The future of vision and eye care
The vision and eye care of the future is full of sci-fi sounding developments. Take bionic eye implants, augmented reality, and 3D printed digital contact lenses, for example.
In this article, we will cover where ophthalmology will be heading in the future, thanks to digital health.
Vision allows for more than 80% of perception
It is estimated that around 80-85% of our learning, cognition, perception, and activities come from our vision. When comparing with our other senses; hearing only accounts for 11% of the information, smell is 3.5%, touch 1.5%, and taste 1%. The following story, “Don’t you think that’s possible?” by scholars L.D Rosenblum, Erica Keeps, and Harold Stolovitch explain these figures.
Let’s imagine for a moment that you are in an open meadow, the sun is shining, and birds are singing. How far can you see? How far can you hear? With our vision, we can see as far as 50 miles, with hearing, around 1-2 miles at the most. Can we smell flowers? Without the wind, maybe 10-20 meters. What about touch and taste? That depends on your arms reach, not any further, and the same for your taste and tongue.
It sounds cliché to put so much emphasis on our vision and eyes, however, it’s an important example to demonstrate just how far our eyes can see, and highlight that they are our most important sensory organ. This is why we feel highly motivated to get back on our feet quickly if we suffer a serious eye condition or we catch eye disease.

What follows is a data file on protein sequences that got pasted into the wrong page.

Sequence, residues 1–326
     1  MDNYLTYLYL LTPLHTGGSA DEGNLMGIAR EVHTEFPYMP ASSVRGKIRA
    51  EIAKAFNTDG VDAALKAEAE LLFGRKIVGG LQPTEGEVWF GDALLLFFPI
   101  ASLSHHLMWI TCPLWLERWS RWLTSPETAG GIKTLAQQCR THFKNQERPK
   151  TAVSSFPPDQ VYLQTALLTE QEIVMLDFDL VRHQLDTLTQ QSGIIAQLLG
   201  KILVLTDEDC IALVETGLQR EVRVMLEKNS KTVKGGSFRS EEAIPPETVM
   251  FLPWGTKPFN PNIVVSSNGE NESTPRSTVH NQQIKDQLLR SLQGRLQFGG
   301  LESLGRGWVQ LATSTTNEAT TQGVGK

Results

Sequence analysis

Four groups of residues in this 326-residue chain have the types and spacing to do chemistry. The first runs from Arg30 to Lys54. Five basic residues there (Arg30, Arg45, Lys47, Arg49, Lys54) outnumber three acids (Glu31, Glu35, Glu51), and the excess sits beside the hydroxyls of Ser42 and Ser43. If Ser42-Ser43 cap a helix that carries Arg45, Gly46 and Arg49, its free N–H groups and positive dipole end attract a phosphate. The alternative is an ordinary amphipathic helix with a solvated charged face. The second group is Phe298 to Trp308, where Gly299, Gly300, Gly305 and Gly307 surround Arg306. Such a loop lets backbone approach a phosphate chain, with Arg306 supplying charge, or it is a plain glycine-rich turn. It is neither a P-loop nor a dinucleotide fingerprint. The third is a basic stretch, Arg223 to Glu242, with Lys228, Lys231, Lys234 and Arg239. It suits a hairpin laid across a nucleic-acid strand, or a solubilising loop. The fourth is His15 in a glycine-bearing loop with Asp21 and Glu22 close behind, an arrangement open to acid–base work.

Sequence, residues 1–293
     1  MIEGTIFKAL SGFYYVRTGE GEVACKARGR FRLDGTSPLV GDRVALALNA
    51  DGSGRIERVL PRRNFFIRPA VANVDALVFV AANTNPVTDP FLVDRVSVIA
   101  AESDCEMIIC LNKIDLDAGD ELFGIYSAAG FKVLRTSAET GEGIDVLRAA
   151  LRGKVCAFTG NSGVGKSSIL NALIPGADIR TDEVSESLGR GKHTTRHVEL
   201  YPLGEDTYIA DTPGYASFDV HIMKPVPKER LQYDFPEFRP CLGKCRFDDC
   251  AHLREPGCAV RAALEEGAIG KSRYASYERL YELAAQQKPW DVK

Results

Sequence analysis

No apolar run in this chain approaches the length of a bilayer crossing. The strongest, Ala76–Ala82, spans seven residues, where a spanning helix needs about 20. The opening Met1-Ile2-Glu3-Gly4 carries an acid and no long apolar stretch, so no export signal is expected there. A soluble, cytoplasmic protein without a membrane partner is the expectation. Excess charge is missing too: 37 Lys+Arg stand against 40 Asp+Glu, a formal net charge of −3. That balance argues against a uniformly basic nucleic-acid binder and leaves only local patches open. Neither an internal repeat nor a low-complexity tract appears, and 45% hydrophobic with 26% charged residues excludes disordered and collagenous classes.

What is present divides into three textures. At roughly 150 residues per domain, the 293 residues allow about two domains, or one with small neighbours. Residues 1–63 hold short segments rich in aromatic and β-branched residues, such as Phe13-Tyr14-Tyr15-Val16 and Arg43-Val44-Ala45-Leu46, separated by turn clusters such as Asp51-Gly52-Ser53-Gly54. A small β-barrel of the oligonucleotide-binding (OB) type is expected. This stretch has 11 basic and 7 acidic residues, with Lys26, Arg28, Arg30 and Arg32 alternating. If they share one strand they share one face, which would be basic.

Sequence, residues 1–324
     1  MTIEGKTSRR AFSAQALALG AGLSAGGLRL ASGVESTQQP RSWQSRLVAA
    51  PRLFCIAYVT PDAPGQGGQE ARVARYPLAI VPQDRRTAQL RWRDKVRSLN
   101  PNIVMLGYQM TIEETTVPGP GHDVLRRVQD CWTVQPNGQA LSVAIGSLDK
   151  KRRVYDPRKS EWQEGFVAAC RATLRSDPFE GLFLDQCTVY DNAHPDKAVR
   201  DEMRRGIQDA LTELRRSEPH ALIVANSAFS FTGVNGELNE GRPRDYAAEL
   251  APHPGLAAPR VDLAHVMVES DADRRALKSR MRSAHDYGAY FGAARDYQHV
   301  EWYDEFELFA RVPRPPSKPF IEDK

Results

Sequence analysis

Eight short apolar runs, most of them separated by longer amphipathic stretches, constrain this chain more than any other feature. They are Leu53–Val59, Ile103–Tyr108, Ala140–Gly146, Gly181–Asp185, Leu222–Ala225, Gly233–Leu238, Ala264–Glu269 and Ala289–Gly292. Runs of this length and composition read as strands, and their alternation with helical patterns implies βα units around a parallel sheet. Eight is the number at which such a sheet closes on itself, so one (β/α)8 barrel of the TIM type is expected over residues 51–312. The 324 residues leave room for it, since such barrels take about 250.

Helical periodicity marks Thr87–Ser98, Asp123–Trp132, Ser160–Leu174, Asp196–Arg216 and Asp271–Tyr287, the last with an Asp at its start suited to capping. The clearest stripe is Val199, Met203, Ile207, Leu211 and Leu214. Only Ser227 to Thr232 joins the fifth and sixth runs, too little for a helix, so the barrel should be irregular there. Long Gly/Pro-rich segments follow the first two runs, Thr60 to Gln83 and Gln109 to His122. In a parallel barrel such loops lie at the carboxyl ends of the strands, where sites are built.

Eye issues affect far too many people across the globe
In 2015, the International Agency for the Prevention of Blindness estimated that 36 million people worldwide are blind, and 217 million individuals suffer from moderate or acute vision impairment. There is hopeful news, however, in that blindness and vision impairment have dropped to 3.37% in 2015 (from 4.58% in 1990). Technology progress, like surgical techniques and eye infection treatments, is to thank for this percentage decrease.
There is still a long way to go for plenty of people who are suffering from not being able to see the world clearly. Over the last few years, digital health began working on the task to transform the ophthalmology field, showcasing its most innovative solutions to combat many different eye conditions. Digital health has enabled faster treatment of less serious conditions, and improvements to life-altering illnesses.
In this article, we will discuss the ways in which technology will shape the future of vision and eye care.
Bionic eyes for reversing blindness